Blog Review Week 4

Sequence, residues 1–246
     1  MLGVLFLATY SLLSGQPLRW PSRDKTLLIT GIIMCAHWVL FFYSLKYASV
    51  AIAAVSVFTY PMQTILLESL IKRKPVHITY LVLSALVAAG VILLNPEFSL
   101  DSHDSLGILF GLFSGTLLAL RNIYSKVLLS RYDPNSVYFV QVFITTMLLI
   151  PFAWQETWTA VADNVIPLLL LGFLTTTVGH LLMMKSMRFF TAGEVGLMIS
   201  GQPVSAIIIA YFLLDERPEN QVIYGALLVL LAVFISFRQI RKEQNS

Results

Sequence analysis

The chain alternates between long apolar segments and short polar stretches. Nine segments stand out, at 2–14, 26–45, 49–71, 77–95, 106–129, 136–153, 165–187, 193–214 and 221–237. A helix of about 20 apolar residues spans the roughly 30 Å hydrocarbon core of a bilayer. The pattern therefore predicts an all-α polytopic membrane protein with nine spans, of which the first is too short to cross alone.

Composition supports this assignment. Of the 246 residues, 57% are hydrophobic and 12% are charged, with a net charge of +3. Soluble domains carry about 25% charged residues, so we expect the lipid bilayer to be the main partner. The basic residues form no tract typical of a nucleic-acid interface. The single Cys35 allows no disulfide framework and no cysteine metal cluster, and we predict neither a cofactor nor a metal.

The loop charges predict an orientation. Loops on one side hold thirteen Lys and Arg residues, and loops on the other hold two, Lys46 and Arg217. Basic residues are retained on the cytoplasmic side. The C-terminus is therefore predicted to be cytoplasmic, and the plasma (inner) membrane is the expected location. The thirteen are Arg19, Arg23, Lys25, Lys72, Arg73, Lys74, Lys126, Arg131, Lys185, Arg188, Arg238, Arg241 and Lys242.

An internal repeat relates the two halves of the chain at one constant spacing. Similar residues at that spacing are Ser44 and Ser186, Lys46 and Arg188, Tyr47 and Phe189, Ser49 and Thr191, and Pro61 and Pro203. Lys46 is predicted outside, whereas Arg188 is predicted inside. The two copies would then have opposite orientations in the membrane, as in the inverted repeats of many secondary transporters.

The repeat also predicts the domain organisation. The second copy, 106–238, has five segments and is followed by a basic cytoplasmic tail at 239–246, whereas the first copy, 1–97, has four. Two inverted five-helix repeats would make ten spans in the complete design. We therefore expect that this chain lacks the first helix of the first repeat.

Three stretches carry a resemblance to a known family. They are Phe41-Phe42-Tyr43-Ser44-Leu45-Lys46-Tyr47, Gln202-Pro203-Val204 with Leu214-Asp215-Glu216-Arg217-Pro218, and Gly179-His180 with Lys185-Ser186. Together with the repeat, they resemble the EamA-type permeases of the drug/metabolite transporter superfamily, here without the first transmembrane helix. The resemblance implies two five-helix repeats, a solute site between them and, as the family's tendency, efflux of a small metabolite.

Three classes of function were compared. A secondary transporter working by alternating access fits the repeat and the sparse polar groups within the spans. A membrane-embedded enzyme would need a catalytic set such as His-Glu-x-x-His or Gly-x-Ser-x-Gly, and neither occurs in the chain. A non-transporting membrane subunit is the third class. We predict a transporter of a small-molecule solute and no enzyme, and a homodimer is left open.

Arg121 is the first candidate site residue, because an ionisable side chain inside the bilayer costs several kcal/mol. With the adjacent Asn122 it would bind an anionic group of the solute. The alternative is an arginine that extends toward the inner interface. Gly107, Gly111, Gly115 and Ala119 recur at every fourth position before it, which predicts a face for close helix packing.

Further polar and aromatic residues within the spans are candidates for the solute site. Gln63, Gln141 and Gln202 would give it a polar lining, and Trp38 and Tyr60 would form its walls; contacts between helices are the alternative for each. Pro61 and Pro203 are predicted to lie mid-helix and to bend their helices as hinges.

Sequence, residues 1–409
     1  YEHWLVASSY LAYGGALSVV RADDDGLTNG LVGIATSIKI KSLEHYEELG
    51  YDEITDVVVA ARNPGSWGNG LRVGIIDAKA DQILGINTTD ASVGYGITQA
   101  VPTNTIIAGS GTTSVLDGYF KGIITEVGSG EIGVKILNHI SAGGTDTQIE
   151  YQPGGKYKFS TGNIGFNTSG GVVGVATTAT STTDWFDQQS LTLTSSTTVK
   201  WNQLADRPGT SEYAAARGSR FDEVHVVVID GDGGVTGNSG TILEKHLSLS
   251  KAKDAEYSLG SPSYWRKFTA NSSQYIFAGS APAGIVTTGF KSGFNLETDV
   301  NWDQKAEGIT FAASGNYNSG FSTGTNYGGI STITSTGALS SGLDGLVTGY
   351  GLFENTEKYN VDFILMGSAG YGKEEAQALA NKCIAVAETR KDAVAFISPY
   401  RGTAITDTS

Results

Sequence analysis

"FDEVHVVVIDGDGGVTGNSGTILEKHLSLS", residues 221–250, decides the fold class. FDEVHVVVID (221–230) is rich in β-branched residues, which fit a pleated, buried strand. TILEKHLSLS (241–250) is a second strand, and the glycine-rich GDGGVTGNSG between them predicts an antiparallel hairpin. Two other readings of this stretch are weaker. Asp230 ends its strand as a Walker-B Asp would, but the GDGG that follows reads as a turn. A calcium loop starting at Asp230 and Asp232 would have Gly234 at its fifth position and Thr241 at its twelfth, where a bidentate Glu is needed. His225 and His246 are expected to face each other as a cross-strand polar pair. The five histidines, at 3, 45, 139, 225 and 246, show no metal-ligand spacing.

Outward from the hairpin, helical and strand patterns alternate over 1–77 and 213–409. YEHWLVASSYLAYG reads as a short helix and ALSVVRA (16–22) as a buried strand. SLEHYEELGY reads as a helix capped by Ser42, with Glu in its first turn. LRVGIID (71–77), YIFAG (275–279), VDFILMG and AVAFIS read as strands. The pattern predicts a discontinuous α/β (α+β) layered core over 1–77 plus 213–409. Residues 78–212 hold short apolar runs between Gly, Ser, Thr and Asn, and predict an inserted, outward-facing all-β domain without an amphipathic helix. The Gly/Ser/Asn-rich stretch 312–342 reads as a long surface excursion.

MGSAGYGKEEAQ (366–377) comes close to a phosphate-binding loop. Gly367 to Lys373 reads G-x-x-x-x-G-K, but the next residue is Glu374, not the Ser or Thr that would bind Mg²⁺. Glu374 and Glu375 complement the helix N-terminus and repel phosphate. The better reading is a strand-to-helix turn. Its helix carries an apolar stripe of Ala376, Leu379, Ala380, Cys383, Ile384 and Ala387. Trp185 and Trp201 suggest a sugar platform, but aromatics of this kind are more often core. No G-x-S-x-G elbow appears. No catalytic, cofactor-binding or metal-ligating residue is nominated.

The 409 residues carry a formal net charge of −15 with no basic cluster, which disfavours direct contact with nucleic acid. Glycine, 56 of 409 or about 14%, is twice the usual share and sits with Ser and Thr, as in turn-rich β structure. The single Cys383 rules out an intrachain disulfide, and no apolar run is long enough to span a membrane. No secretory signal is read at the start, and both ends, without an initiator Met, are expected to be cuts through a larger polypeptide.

For this weeks blog post I read about an article whose pictures caught my eye. It is an article called “These Nostalgic Photos Capture the Spirit of NYC” written by Ellyn Kail. At first I couldn’t tell if all these photographs were by the same artist because of the common theme of NYC in black and white with heavy contrast and grain. As I scrolled I read that it was photographer Ian Robert Wallace and the photos are made to look vintage but are modern day scene he shoots. Kail talks about his photography in saying “He refers to the people in his photographs not as “subjects” but as “characters,” giving them a poetic aura. He doesn’t always obscure faces, and when he does, it’s not intentional, but the anonymity of a few of his figures does allow them to exist in an almost fictional world. “There’s a strength of character that these people have to sort of exist with one foot in the past: what they wear, how they carry themselves, what streets they walk down,” (Kail and Wallace) This artist immediately reminded me of the reading in the textbook about the first photographs we see in chapter one of where Emerling talks about Talbots work showing “Engravings in imitation” and “marks of the injuries of time” (Emerling, 18). We especially can see a connection between Talbots erie works and Wallace’s. “The arbitrariness of the photographs frame and its technical recording of the light and dark on the chemically treated paper displace the “thing itself.”” (Emerling, 20) This quote makes me think about Wallaces lack of data in his photos because of his use of heavy shadow and negative space.